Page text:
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Two book lovers took a mobile library across India

Akshay Rautaray and Satabdi Mishra, two book lovers from Orissa, drove across India with a book van, interacting with people of all generations along the way

brunch Updated: Mar 26, 2016 22:46 IST
With a customised truck containing 4,000 books, Akshay Rautaray and Satabdi Mishra travelled nearly 11,000 kilometres in 85 days.
With a customised truck containing 4,000 books, Akshay Rautaray and Satabdi Mishra travelled nearly 11,000 kilometres in 85 days.

This is a fact of life: bibliophiles will go to any lengths for books. But some seem to go further than others can even dream of. Literally. Meet Satabdi Mishra and Akshaya Rautaray. They met each other at a bookstore in Bhubaneswar where Rautaray worked, and their mutual love of reading got them talking about society, reading habits, and things that bothered them. Both felt strongly that they could join forces and make things better.

To begin with, that meant only travel. But when you take two bibliophiles out of a bookshop, you can’t leave the bookshop behind. So it was just a matter of time before they put into practice what they had only dreamed of while travelling in the tribal areas of Koraput, Odisha. Starting January 2014, they collected books in backpacks and set off for villages and small towns, selling them to people from footpaths and bus stops. “We wanted to make books more accessible,” says Mishra. “So we started Walking Book Fairs and set off.”

Walking didn’t take them far enough, so Mishra and Rautaray soon purchased a second-hand Maruti Omni van and went around the entire state of Odisha with books. Next came an actual shop in Bhubaneswar, called The Walking Bookfairs Bookstore and Tea Café. Soon after, they were off with books again, but this time with a bigger aim – to travel to 20 states with a customised truck carrying 4,000 books, as part of an initiative called Read More India.

Akshay Rautaray and Satabdi Mishra travelled through villages where children had no access to books

Collecting Memories

“We partnered with publishing houses like HarperCollins India, Pan Macmillan India and Paragon Publications,” says Mishra. “We bought a pick-up truck with a large cargo space and customised it with bookshelves. That cost us a lot of money.” They tried to cater to everyone, by carrying a mix of children’s books, picture books, classics and non-fiction.

After starting in Odisha, Mishra and Rautaray continued on to Chhattisgarh, Telangana, Andhra Pradesh, Maharashtra, and beyond. After 85 days and 11,000 kilometeres, they wound down in West Bengal on March 7.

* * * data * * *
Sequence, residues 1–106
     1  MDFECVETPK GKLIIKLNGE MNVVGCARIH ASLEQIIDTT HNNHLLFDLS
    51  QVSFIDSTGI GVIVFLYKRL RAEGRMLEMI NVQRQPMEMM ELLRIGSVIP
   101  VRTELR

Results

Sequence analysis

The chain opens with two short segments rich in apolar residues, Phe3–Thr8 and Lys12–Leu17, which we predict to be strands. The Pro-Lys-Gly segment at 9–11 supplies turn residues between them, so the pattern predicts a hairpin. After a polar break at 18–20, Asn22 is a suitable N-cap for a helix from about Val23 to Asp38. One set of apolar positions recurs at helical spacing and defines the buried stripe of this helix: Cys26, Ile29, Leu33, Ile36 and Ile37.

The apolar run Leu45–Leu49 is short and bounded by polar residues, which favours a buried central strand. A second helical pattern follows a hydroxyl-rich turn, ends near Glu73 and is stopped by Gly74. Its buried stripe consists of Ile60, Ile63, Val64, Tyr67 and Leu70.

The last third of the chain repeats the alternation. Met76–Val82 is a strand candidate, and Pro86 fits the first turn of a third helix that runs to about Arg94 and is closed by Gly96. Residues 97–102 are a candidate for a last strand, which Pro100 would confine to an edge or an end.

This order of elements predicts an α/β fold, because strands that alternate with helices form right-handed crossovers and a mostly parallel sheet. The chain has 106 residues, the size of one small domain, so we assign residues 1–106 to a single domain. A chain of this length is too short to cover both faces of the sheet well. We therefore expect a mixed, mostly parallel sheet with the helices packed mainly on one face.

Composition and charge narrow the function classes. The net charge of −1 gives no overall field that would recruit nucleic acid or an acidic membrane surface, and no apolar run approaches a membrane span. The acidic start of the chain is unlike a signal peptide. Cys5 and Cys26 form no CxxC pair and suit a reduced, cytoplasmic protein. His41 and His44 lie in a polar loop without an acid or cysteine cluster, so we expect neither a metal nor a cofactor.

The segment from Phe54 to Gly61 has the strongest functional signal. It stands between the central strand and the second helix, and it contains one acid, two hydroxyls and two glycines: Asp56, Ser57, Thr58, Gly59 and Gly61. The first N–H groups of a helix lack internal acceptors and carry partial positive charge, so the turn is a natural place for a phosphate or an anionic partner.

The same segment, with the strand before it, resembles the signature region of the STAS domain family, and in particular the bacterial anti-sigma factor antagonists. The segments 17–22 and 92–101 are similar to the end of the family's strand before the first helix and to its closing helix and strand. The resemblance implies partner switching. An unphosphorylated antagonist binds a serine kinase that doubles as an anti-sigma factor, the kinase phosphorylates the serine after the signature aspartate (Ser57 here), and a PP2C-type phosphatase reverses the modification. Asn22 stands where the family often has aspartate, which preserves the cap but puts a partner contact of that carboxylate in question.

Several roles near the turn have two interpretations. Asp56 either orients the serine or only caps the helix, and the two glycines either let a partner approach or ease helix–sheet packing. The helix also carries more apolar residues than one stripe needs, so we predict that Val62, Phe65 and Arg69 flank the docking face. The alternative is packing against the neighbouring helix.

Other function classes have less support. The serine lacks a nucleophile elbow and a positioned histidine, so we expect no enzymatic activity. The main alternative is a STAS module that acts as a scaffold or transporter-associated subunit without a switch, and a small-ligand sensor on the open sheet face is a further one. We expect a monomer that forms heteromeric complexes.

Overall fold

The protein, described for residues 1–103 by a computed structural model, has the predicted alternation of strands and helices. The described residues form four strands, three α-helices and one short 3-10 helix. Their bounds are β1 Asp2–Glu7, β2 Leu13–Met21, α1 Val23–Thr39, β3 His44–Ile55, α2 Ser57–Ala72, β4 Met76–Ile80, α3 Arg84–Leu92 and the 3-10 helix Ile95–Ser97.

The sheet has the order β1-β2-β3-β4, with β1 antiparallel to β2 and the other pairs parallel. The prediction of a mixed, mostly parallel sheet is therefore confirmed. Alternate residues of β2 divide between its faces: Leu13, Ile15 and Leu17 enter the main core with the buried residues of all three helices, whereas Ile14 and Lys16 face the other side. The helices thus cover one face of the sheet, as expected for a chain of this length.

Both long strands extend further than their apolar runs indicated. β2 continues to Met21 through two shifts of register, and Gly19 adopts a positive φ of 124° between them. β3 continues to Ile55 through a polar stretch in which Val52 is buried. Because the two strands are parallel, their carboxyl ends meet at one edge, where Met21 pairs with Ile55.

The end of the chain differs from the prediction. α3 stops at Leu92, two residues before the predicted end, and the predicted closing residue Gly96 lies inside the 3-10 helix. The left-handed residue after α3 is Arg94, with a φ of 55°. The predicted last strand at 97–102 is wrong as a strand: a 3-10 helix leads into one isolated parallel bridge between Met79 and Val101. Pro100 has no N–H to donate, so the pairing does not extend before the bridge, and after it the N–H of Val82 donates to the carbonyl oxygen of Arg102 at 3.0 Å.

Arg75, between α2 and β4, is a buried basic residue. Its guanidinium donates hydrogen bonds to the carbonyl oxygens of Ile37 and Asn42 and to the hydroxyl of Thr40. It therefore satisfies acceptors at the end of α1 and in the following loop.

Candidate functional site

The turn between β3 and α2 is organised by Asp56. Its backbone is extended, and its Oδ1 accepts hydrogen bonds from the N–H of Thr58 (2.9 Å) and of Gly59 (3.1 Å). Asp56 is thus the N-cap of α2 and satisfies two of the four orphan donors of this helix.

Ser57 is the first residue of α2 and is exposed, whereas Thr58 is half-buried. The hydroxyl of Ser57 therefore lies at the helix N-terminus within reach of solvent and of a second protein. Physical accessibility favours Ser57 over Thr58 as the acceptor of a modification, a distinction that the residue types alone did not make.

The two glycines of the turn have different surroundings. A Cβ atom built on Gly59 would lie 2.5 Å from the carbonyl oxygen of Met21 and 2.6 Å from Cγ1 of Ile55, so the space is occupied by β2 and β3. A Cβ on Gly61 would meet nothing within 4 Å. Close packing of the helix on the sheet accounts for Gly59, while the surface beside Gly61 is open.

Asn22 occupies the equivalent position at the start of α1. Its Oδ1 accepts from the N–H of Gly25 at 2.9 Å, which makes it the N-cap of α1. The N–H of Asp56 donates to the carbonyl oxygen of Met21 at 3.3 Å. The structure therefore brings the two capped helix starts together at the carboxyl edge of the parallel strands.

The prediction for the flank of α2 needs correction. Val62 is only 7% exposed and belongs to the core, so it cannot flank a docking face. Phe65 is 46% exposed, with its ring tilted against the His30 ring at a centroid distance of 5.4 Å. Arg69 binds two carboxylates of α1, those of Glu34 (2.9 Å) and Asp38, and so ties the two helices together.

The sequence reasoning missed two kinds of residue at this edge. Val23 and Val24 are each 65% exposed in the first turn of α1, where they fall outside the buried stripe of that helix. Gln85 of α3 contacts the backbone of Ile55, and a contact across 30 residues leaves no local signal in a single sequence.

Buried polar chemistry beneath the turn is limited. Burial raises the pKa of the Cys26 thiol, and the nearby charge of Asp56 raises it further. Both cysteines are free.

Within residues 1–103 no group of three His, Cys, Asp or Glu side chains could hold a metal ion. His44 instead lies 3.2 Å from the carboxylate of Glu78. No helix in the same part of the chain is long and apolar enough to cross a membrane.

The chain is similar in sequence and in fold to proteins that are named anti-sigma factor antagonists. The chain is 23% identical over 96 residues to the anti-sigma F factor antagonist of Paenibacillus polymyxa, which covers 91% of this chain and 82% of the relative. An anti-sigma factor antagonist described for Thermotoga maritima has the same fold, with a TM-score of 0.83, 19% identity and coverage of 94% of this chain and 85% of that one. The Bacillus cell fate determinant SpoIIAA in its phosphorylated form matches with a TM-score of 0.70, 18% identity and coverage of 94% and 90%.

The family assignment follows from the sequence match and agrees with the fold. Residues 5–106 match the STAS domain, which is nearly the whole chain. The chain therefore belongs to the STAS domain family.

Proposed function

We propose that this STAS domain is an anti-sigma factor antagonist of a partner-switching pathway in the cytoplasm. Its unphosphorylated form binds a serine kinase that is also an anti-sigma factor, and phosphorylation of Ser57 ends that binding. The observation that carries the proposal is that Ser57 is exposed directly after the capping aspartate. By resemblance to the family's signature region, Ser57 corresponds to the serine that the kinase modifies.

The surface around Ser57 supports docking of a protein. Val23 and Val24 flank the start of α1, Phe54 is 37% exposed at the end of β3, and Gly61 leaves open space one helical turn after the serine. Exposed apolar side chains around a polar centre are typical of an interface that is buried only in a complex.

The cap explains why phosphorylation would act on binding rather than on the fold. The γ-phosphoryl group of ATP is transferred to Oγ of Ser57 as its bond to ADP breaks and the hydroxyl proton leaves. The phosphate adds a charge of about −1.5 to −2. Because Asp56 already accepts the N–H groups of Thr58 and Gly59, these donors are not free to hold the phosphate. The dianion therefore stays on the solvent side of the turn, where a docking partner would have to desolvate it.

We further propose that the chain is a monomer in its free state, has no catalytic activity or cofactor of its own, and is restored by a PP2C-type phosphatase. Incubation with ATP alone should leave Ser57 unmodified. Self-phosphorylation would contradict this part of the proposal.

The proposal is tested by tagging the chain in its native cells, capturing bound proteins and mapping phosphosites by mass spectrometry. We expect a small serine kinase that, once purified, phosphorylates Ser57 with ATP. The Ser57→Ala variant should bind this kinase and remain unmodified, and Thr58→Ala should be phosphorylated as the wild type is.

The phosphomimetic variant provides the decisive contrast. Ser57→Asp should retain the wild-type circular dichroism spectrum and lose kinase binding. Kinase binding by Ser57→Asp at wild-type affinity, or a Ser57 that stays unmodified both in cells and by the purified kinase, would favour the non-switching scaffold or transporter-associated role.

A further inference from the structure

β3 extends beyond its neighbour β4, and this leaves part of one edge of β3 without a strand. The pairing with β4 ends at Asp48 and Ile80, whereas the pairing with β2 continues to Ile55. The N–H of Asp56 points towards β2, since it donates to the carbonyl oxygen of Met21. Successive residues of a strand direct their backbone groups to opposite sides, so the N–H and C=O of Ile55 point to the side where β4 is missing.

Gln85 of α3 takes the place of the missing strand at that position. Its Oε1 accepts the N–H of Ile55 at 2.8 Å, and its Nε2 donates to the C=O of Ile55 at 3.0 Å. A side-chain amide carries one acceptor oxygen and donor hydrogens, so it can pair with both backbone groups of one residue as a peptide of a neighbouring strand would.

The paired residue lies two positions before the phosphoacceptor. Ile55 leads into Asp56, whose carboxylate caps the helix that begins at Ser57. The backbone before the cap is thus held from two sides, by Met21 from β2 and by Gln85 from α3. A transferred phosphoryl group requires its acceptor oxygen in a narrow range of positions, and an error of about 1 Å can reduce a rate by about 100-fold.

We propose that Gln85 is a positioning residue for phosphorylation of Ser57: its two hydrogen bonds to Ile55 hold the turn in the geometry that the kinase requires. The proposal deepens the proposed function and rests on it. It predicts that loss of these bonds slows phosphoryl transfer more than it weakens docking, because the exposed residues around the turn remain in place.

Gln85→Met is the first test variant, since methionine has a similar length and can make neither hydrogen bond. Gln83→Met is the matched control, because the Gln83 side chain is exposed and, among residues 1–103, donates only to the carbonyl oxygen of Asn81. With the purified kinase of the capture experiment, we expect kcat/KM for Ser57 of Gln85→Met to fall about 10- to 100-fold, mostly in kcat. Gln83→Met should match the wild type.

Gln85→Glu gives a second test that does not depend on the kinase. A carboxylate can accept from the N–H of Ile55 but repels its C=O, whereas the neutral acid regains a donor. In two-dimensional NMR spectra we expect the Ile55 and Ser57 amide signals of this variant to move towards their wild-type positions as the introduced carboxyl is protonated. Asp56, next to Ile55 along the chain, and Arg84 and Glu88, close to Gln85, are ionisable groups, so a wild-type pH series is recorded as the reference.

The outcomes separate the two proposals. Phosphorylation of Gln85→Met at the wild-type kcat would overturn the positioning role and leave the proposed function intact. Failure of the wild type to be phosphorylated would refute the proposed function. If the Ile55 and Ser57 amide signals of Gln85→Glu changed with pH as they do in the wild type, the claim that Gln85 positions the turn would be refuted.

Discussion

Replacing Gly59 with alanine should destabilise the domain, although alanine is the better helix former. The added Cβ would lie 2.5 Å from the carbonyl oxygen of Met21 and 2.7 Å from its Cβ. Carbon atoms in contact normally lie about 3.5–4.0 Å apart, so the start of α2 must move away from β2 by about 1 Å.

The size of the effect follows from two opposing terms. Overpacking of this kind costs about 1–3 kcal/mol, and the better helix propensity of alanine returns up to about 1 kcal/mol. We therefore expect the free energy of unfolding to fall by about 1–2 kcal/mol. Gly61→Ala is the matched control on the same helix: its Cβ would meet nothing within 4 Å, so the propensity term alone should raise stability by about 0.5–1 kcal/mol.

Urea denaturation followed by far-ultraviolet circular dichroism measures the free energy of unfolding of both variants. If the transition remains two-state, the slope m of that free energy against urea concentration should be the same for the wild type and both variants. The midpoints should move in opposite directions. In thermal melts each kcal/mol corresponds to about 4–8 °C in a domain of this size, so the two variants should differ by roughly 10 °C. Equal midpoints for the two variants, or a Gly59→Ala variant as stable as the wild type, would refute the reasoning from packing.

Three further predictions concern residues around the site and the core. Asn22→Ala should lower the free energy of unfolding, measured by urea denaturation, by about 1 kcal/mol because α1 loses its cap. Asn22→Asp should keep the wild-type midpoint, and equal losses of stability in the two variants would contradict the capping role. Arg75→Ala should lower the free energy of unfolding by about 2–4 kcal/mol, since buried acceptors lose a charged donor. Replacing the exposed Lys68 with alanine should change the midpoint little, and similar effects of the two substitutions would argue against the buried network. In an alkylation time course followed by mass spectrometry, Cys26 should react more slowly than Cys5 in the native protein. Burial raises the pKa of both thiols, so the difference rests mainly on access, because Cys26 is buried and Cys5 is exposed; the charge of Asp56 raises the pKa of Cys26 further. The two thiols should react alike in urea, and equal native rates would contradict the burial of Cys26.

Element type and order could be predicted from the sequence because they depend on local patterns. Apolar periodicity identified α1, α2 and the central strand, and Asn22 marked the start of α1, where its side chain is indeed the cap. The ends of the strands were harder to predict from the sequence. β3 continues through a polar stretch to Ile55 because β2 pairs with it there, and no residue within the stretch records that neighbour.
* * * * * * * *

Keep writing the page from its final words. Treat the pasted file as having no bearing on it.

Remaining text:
Read more: How Amish Tripathi changed Indian publishing

“People were overwhelmed to discover books they couldn’t find easily even in bookshops,” says Mishra. School and college students came in droves to look at the books, the truck and them. “We had thousands of school students at a reading session in Khammam, Telangana. It was overwhelming to see the joy on their faces,” says Mishra. An old man at the session was thrilled to find Wendy Doniger’s The Hindus: An Alternative History. When Rautaray and Mishra thanked everyone for coming, “he got angry!” laughs Mishra. “He said: we should be thanking you for coming with these books, not the other way round.”

Another joyous memory is of a bunch of bibliophilic sex workers in Bhubaneswar, to whom Mishra and Rautaray donated some books to build up a library.

Seen here with author Susmita Bagchi

Overcoming The Odds

Everything isn’t all happy-happy, though. The road is not always smooth. “There is so much traffic that driving is stressful,” says Mishra. “It’s also dangerous driving on the highways and finding a parking space is almost impossible.” She does not exaggerate when she says impossible. A two-day trip to Chennai became a few-hour detour to another venue because there was no place to park. “And I’ve had people stare at me because it’s odd for them to see a woman with weird hair (a pixie crop) drive such a huge truck,” says Mishra.

Driving through Naxal-dominated Bastar and Sukma in Chhattisgarh, the duo was stopped by army men and taken to the police because “they looked suspicious”. Finally released after much questioning, they were advised to stay on because it wasn’t safe to travel.

But ultimately, Mishra and Rautaray loved interacting with different people, eating different kinds of food and witnessing different kinds of cultures. And more importantly, knowing that Read More India made a difference.

“We learned that children just aren’t being introduced to books outside of their syllabus,” says Mishra. “We met a bunch of girls from an engineering college who had never read anything apart from their textbooks. There are so many more like them who are absolutely clueless and unaware of the world outside. It’s sad.”

From HT Brunch, March 27, 2016

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